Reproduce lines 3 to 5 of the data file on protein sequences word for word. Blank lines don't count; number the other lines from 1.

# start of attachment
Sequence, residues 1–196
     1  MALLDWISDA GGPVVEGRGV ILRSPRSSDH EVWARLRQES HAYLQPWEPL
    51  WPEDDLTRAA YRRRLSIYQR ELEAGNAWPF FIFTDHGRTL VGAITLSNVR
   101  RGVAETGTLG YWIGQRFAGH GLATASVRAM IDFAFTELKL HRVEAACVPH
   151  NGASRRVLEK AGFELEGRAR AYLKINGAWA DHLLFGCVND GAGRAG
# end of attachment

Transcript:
    51  WPEDDLTRAA YRRRLSIYQR ELEAGNAWPF FIFTDHGRTL VGAITLSNVR
   101  RGVAETGTLG YWIGQRFAGH GLATASVRAM IDFAFTELKL HRVEAACVPH
   151  NGASRRVLEK AGFELEGRAR AYLKINGAWA DHLLFGCVND GAGRAG